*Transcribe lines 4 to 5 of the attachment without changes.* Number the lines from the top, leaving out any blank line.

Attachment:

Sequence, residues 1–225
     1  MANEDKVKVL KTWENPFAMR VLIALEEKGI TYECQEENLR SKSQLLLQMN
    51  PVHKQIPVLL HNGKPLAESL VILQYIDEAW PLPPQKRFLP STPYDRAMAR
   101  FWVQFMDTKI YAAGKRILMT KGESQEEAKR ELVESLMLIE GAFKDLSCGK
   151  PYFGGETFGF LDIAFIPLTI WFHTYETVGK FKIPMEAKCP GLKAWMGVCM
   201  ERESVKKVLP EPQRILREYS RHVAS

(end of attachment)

   101  FWVQFMDTKI YAAGKRILMT KGESQEEAKR ELVESLMLIE GAFKDLSCGK
   151  PYFGGETFGF LDIAFIPLTI WFHTYETVGK FKIPMEAKCP GLKAWMGVCM